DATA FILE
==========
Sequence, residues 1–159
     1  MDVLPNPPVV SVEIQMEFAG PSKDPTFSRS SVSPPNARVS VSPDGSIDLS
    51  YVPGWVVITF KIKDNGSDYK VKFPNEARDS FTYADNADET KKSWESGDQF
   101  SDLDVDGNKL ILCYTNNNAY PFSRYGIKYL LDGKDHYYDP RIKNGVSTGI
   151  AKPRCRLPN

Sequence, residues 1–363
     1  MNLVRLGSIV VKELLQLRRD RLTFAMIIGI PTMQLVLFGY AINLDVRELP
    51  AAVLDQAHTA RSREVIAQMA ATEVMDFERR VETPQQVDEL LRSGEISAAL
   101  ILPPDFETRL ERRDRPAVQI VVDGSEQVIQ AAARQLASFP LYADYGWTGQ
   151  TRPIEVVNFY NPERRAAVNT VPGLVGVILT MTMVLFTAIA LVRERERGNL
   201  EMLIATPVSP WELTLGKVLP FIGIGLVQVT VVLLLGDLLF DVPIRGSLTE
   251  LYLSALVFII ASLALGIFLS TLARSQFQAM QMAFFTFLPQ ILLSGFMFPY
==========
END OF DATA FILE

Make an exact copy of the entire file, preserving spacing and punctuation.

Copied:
Sequence, residues 1–159
     1  MDVLPNPPVV SVEIQMEFAG PSKDPTFSRS SVSPPNARVS VSPDGSIDLS
    51  YVPGWVVITF KIKDNGSDYK VKFPNEARDS FTYADNADET KKSWESGDQF
   101  SDLDVDGNKL ILCYTNNNAY PFSRYGIKYL LDGKDHYYDP RIKNGVSTGI
   151  AKPRCRLPN

Sequence, residues 1–363
     1  MNLVRLGSIV VKELLQLRRD RLTFAMIIGI PTMQLVLFGY AINLDVRELP
    51  AAVLDQAHTA RSREVIAQMA ATEVMDFERR VETPQQVDEL LRSGEISAAL
   101  ILPPDFETRL ERRDRPAVQI VVDGSEQVIQ AAARQLASFP LYADYGWTGQ
   151  TRPIEVVNFY NPERRAAVNT VPGLVGVILT MTMVLFTAIA LVRERERGNL
   201  EMLIATPVSP WELTLGKVLP FIGIGLVQVT VVLLLGDLLF DVPIRGSLTE
   251  LYLSALVFII ASLALGIFLS TLARSQFQAM QMAFFTFLPQ ILLSGFMFPY